It’s always exciting news hearing about new breweries entering the Connecticut craft beer scene. The newest addition in the making is Alvarium Beer Company in New Britain. If you’re like me, the term “Alvarium” came across as a head scratcher at first, but after consulting their logo (a beehive with a pint glass shaped entrance) I figured out it must have something to do with bees. Then, after learning they are based in New Britain, and the city was founded on the motto, “Industry fills the hive and enjoys the honey,” I really started getting it. Safe to say the guys at Alvarium have taken some time in the branding department.
But who are the guys behind the hive? Chris, Mike, and Brian all met at different points in life. Mike and Brian were homebrewing buddies for over ten years, while Mike and Chris met just over three years ago.
Chris, Alvarium’s brewmaster, has a long line of professional experience starting in New York. He served as assistant brewer at Chelsea Brewing as well as the 508 Gastropub. From there he relocated to Connecticut where he worked at City Steam in Hartford, before accepting the brewmaster position at Cambridge House in Granby. Cambridge House is where Chris cut his teeth and gained some incredible experience. Mike, a degreed mechanical engineer will oversee the guts of the brewery. Seeing as Mike is someone who created his own homebrewing stand from scratch with real propane burners, Alvarium’s construction is in safe hands. Brian is an Eagle Scout who comes with over ten years of sales and finance experience with a multi-million-dollar software company. The devil is in the details and Brian is someone who embraces them, making sure everything is running smoothly from buildout and beyond.
The idea to start a brewery was a rather simple one. Two or three years ago, while enjoying a pint at Firefly Hollow Brewing Co. in Bristol, “let’s start a brewery” was the topic of discussion. What seemed like a borderline humorous idea at the time, quickly enveloped the three friends entirely. The ideas starting flowing and before long it was keeping them up at night.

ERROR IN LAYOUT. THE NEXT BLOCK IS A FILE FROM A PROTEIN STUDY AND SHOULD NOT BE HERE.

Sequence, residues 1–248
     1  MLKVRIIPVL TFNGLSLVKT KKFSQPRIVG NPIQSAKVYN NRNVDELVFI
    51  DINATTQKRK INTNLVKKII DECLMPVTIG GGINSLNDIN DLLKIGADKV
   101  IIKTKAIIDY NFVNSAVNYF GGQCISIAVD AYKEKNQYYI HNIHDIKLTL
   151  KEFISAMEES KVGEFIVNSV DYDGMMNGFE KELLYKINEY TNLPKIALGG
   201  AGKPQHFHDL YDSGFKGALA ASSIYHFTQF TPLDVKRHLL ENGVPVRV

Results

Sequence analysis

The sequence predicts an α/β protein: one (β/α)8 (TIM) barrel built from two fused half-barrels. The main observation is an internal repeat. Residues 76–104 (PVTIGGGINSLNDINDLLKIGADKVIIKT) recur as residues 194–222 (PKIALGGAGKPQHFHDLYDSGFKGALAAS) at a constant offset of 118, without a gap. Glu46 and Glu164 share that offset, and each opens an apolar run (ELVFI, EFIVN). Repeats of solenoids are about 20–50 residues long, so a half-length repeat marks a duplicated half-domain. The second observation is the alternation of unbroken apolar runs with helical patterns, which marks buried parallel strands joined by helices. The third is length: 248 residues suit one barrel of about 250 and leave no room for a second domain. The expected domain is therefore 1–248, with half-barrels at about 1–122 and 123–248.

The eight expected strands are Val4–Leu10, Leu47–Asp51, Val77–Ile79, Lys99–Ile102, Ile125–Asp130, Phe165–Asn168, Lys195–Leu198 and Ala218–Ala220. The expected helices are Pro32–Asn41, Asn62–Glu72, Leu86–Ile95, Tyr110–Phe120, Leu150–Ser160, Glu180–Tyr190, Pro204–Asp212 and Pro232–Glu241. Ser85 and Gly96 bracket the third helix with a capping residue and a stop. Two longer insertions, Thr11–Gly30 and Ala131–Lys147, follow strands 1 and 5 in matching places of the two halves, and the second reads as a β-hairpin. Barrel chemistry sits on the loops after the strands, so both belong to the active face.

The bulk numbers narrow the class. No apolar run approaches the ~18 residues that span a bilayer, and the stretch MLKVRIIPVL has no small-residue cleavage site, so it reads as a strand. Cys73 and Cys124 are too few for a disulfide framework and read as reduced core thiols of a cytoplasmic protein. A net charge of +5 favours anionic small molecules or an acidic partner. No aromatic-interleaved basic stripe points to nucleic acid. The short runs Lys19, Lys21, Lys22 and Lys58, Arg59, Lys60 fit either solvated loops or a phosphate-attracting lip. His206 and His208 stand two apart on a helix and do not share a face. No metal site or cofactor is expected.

Today, the crew is hard at work converting a space in an industrial area into Connecticut’s next craft brewery. The floors are being cut, layouts have been drawn up, and the equipment has been purchased. The space itself is large, easily fitting over 100 people, and the floor plan is coming along as well.
But what about the beer? Important question indeed. Chris will take his years of experience and harness them on a 7bbl (seven barrel) steam system. Starting at 7bbl gives Alvarium some flexibility when it comes to experimental batches, but also the strength to pump out close to, or over 1,000 barrels per year with ease. That’s 31,000 gallons of beer for those of you doing the math at home. Many breweries use direct fire when it comes to brewing, or maybe electric heat, but the steam system might be the most efficient. If you’re like us, you fall in love with stainless steel fermenters at first glance; they’re stoic, yet sleek, and just beautiful. The Alvarium team plans to build a half-wall with a window so taproom guests can admire the majestic beauty of fermenting beer.